Academic journal article Social Behavior and Personality: an international journal

How Multiple Reference Points Influence Managers' Post-Decisional Regret

Academic journal article Social Behavior and Personality: an international journal

How Multiple Reference Points Influence Managers' Post-Decisional Regret

Article excerpt

Although regret is the most relevant emotion in the domain of decision making, research addressing the regrets of managers and how these are influenced by multiple reference points is lacking. In the context of a choice set with more than 2 alternatives, this study demonstrates that sales managers evaluated their postdecisional regrets based on three reference points: the best-performing unchosen outcome, the worst-performing unchosen outcome, and their expected outcome. The first 2 are social comparison-based standards and the last is a temporal comparison-based standard. Managers equally favored social comparison and temporal standard information when assessing their postdecisional regrets. In addition, it was found that the feeling of regret was largely influenced by a loss or gain relative to each reference point rather than by the degree of loss or gain.

Keywords: expectation, regret, reference point, social comparison, temporal comparison.

Jack is a sales manager of an electronic equipment manufacturer. He is currently examining several potential distributors that will assist his company in distributing its high-tech industrial machinery. After narrowing the search, Jack considers three companies (Alpha, Beta and Gamma), and decides to cooperate with company Alpha, mainly because of his expectations that it will provide a higher sales growth rate than the others (Alpha is expected to increase by 6% within the next year). A year later, Alpha's sales growth rate is 3%, while the sales growth rate of Beta is 12% and Gamma decreased 4% (both of them were hired by two competitors). How does Jack now feel about his decision to cooperate with Alpha? Does he feel regret because he compares his actual outcome (a 3% gain) to the outcome that would have been obtained if he had cooperated with Beta (a 12% gain). Or does he feel rejoicing (the opposite of regret), stemming from a comparison with the outcome that would have been had he cooperated with Gamma (a 4% loss)? Jack's postdecisional feelings may in addition be influenced by another possible reference point, namely, the a priori expected sales growth rate (a 6% gain). How do these three possible reference points influence regret? Which of these reference points has the largest impact on regret? Is regret driven mainly by a loss or gain relative to each reference point or by the magnitude of that loss or gain?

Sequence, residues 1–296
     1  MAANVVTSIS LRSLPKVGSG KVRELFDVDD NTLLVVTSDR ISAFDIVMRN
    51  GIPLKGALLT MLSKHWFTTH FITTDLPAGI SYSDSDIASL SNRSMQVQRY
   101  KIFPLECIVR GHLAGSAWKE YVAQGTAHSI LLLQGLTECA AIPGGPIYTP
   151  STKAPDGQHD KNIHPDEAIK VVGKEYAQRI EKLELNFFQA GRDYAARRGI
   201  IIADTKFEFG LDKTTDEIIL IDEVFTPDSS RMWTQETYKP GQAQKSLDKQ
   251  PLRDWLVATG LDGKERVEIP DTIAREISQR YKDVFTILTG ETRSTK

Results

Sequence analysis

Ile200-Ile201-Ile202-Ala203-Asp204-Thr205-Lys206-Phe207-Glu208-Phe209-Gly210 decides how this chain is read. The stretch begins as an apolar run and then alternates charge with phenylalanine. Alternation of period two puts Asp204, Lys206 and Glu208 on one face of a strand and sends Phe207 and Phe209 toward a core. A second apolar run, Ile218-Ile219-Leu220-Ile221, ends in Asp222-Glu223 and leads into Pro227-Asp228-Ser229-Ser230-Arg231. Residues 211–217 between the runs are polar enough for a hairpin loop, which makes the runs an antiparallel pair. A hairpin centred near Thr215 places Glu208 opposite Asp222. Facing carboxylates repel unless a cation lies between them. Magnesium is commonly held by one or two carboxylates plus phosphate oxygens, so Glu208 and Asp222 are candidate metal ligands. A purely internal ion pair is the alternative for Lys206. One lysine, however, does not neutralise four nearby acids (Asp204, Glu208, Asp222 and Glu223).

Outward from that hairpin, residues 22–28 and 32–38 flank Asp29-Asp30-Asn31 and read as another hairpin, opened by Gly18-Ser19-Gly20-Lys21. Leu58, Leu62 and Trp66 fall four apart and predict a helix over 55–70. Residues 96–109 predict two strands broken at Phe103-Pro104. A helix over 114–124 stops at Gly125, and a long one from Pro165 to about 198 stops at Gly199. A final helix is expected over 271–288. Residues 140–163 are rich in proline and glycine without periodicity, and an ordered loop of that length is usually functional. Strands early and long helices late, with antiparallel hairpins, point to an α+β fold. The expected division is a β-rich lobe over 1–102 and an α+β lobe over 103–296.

Reference points are important because outcomes are compared to them, and are coded and evaluated in terms of this comparison (Kahneman, 1992). The concept of reference points was introduced in prospect theory (Kahneman & Tversky, 1979). According to prospect theory, decision makers adopt a reference point, a point that may represent an available option. Decision makers then evaluate their outcomes relative to this point. Outcomes below the reference point are viewed as losses, and outcomes above the reference point are perceived as gains. The importance of such reference points has been highlighted by regret theory (e.g., Bell, 1982; Loomes & Sugden, 1982), which has shown that the foregone alternative or target becomes the reference point against which regret is computed. When an obtained outcome compares unfavorable with an outcome that was possible had we chosen differently, regret is evoked. Conversely, if a different choice would have led to a worse outcome, people are pleased (Van Dijk & Zeelenberg, 2005).

In real life, however, multiple alternatives exist. Thus, the decision makers may simultaneously face reference points that are above, at, or below the focal option. If two or more alternatives are unchosen, which one will become the comparison standard for measuring regret? At present, we know little about the simultaneous impact of multiple reference points on regret. Although some scholars have recognized that decision makers may use multiple reference points in decision making and in judgments of postdecisional regret (Bell, 1982; Inman, Dyer, & Jia, 1997; Oliver, 1996), Frederick and Loewenstein (1999) recently pointed out that the information of multiple reference points and their relative weighting has not been investigated empirically. …

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